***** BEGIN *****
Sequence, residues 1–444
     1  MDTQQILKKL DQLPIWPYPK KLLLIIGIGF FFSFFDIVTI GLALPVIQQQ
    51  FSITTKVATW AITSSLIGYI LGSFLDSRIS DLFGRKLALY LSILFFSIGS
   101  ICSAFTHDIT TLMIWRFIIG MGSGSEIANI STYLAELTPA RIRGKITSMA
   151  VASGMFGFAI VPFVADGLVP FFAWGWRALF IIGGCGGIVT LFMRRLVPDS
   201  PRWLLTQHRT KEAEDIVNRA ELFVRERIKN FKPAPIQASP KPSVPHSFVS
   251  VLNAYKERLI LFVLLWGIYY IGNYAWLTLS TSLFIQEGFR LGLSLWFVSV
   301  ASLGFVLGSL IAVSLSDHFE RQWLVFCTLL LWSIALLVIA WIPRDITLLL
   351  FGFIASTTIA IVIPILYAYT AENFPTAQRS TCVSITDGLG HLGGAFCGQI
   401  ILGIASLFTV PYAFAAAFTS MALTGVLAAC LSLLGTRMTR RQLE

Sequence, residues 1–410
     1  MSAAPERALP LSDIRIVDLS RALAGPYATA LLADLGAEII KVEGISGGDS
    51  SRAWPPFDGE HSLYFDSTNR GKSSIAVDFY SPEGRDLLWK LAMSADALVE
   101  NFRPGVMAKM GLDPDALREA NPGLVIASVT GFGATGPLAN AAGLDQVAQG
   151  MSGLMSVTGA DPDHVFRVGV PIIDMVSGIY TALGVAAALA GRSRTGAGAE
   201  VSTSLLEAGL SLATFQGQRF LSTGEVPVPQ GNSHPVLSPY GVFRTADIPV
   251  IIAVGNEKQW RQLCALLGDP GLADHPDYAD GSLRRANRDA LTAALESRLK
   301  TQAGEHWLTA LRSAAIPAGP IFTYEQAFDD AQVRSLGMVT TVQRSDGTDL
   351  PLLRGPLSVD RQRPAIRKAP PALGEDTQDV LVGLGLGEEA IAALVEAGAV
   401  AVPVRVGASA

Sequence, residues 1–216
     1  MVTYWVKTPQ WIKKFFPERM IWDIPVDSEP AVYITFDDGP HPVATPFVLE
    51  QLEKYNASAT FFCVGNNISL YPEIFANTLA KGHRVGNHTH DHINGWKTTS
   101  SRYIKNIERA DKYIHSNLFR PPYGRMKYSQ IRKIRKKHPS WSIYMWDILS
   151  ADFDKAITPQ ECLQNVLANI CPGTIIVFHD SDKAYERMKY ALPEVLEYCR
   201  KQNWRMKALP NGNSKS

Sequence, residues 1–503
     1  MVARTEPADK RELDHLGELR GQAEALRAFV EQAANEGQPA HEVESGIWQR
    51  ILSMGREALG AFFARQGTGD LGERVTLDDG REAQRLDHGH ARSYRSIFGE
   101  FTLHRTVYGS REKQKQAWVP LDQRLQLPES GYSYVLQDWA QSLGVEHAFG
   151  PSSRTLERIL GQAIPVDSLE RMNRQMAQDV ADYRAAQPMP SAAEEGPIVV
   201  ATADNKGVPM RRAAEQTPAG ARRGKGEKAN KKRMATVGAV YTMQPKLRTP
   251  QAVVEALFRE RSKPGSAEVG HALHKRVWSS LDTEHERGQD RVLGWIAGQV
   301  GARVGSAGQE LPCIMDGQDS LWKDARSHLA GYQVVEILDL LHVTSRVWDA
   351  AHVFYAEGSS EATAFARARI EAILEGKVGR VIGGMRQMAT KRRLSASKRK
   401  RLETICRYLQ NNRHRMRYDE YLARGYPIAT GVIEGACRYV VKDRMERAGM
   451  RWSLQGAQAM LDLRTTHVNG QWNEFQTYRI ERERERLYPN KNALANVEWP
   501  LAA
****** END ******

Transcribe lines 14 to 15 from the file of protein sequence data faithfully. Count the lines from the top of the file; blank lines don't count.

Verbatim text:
   101  NFRPGVMAKM GLDPDALREA NPGLVIASVT GFGATGPLAN AAGLDQVAQG
   151  MSGLMSVTGA DPDHVFRVGV PIIDMVSGIY TALGVAAALA GRSRTGAGAE